Stronger Nonprofits Initiative: 20 organizations served, countless ideas and connections sparked March 14, 2019

In late 2017, when JPMorgan Chase pledged $40 million to connect Chicago South and West side residents with economic opportunity, IFF teamed up with Fiscal Management Associates (FMA) to administer the Stronger Nonprofits Initiative (SNI). The three organizations’ goal was clear: Support some of the highest-impact nonprofits in Chicago that are led by or predominantly serve people and communities of color.

Since then, 20 Chicago nonprofits – providers of early childhood education, workforce development, affordable housing, and other vital services – have benefited from the program, which pairs IFF’s expertise in loans and real estate consulting with FMA’s expertise in financial management training.

It’s a potent combination. As Vickie Lakes-Battle, IFF’s Executive Director of the Chicago Region, explains, “When you give visionary people and organizations time to invest in themselves and access to the right resources, they can have an even bigger impact.”

Those resources include:

  • A series of financial workshops with no more than 10 nonprofits per group, designed to foster peer learning, networking, and idea sharing
  • One-on-one financial coaching tailored to address each organization’s specific needs
  • Facility plan reviews and analyses – a big boost for nonprofit leaders who may not have experience leading the organizations through a relocation, renovation, or expansion
  • Affordable rate financing for any resulting facility-related projects

According to program surveys and interviews, participants walk away with a wide range of ideas, connections, and new opportunities. For some, it’s a chance to expand their network of nonprofit peers and collaborators. Others gain a better understanding of when and how to address simmering issues with their facilities or devise a plan for refreshing their budget processes.

“SNI reminded me and our leadership team of a few best practices that should continue over time – for example, ensuring the budget process is inclusive and begins with an overall strategy, versus simply being the function of budgeting among quite a few strategies for ensuring longer-term fiscal health,” says Dara Munson, CEO of Chicago Child Care Society.

Munson is among a second wave of leaders to join the program. The group completed three financial management workshops with FMA in late 2018 and continues to tap coaching and real estate consulting services.

Here is a full list of program participants:

  • Albany Park Community Center, a social services agency that serves one of Chicago’s most diverse neighborhoods – over 40 languages are spoken in Albany Park – through early childhood education, workforce development, counseling, and other programs.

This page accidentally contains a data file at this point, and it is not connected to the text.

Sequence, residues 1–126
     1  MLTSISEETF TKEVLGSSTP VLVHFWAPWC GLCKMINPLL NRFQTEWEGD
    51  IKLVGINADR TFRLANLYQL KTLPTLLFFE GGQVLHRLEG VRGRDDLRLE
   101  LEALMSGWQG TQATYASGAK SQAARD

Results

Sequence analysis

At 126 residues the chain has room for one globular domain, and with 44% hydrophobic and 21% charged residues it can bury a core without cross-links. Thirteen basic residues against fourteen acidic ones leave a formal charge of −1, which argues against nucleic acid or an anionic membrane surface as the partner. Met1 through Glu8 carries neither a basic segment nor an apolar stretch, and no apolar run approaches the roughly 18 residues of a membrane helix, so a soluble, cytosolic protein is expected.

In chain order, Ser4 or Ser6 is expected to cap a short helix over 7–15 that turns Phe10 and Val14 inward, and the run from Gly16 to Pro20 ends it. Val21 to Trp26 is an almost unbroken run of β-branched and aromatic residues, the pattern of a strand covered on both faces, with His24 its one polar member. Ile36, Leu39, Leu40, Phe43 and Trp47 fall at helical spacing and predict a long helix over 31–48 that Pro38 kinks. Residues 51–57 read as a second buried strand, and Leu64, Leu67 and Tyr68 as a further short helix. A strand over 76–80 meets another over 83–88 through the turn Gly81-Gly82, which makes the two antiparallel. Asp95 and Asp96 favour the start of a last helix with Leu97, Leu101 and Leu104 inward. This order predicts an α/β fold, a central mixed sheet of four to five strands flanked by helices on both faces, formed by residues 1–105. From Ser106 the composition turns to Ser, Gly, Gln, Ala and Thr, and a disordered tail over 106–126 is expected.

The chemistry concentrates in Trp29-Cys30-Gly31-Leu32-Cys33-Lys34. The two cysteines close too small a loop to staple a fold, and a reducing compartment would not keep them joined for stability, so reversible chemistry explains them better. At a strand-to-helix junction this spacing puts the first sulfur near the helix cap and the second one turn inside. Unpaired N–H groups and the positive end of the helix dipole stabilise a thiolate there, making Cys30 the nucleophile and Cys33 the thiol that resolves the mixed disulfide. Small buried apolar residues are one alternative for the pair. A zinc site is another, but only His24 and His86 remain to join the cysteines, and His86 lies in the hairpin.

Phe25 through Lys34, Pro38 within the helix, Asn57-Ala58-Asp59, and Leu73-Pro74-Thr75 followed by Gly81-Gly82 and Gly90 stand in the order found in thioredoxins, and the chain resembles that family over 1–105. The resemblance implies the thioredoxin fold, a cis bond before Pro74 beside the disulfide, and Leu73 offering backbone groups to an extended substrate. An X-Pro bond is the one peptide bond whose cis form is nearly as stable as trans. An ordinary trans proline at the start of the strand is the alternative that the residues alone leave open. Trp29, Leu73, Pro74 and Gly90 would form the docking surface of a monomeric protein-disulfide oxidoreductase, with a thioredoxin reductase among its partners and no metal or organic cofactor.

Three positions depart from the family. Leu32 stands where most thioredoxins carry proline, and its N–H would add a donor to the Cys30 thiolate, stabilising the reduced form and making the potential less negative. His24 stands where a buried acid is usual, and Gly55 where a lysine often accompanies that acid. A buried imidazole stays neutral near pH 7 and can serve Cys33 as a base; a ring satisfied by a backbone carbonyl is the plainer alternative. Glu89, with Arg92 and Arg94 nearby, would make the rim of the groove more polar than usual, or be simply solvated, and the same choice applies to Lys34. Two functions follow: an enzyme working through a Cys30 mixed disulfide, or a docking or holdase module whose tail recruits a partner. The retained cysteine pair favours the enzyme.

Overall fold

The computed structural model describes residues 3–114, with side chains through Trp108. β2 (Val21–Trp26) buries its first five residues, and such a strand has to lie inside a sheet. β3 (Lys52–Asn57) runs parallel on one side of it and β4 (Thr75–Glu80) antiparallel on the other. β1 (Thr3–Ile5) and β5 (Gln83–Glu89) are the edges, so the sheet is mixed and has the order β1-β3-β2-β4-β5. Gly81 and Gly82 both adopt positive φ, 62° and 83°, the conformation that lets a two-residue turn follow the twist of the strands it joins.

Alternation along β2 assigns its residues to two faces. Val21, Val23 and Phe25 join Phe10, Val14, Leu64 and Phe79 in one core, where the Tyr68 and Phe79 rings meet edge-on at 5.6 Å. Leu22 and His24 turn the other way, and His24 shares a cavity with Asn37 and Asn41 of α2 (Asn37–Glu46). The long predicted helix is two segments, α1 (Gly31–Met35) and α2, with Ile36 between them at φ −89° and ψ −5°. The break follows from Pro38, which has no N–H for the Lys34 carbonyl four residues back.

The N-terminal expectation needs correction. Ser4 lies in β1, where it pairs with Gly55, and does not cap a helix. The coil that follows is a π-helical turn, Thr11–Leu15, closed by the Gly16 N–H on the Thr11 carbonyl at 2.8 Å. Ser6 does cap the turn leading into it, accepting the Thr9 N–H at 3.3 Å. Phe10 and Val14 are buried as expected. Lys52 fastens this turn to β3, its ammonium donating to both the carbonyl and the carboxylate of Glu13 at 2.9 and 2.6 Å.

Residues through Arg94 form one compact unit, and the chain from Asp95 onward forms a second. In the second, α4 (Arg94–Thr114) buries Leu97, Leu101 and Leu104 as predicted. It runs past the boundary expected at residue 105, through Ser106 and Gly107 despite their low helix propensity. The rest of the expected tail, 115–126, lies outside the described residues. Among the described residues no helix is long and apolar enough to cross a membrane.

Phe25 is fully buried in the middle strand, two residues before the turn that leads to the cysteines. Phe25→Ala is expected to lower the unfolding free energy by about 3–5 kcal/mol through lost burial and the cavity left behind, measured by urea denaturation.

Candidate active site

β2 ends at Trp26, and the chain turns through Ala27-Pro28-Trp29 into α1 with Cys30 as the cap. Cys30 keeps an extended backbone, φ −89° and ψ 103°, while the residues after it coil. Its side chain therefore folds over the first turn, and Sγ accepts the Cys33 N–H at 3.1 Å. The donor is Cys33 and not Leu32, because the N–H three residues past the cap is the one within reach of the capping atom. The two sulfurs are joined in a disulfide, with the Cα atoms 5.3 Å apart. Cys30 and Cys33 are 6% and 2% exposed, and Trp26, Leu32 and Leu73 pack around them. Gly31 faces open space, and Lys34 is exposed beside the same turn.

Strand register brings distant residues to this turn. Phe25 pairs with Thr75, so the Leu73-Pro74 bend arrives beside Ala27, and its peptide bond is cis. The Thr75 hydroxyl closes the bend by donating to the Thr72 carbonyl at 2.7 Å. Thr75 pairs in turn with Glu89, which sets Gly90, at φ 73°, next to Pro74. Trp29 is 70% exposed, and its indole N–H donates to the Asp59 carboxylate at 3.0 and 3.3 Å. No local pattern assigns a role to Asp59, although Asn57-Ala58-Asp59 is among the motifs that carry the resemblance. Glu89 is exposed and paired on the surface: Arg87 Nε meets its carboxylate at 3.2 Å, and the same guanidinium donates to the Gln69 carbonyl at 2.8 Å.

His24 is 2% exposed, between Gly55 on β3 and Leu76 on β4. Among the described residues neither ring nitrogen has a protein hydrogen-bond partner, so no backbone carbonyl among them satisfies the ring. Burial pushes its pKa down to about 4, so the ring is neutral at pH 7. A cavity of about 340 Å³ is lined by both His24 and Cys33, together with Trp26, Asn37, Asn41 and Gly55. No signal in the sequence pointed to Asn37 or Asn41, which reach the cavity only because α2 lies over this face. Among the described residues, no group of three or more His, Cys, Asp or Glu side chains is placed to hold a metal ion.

• Austin Coming Together, which focuses on providing early education, safe neighborhoods, living-wage careers, and affordable housing to Austin’s predominantly Black community.
  • Bright Star Community Outreach, an organization focused on violence prevention, community engagement, economic development, education, and healthy children/youth and families.
  • BUILD, Inc., one of Chicago’s leading violence prevention and youth development organizations.
  • Centers for New Horizons, which runs a range of community programs for children and youth, families, and seniors, from North Lawndale through Riverdale.
  • Chicago Child Care Society, which serves more than 1,500 children, youth, and parents each year in Chicago’s South, Southwest, and South Suburban areas.
  • Chicago Commons Association, which operates early education, family, and senior centers across the South and West sides.
  • Chinese Mutual Aid Association, a community-based social services agency that assists low-income immigrants, refugees, and others.
  • Community Assistance Programs, a workforce development provider based on the South side.
  • Far South Community Development Corporation, spearheading community development that improves access to healthy food, jobs, and housing on the South side.
  • Greater Chatham Initiative, which invests in Chatham, Greater Grand Crossing, Avalon Park, and Auburn Gresham so that they become communities of opportunity and choice.
  • Greater West Town Community Development Project, which provides job training and placement, youth education, and career development to Greater West Town communities.
  • Ignite (formerly Teen Living Programs), which helps youth on the South side who are experiencing homelessness.
  • Inspiration Corporation, which provides a variety of programs that help people exit homelessness and poverty.
  • Instituto del Progreso Latino, based on the West side and helping Latin(x) immigrants and their families through education, training, and employment.
  • La Casa Norte, providing permanent, transitional, and emergency housing options across 43 Chicago zip codes.
  • LUCHA, a housing advocate anchored in Humboldt Park and mainly serving the area’s Latino and Spanish-speaking populations.
  • National Latino Education Institute, whose workforce development programs help Latinos seeking economic independence.
  • North Lawndale Employment Network, which offers employment services and transitional jobs to North Lawndale residents, many of whom face significant barriers to employment.
  • Rebuild Foundation, founded by vaunted artist Theaster Gates to provide free arts programming, create cultural amenities, and develop affordable housing and live-work spaces on the South side and beyond.

Learn more about SNI.

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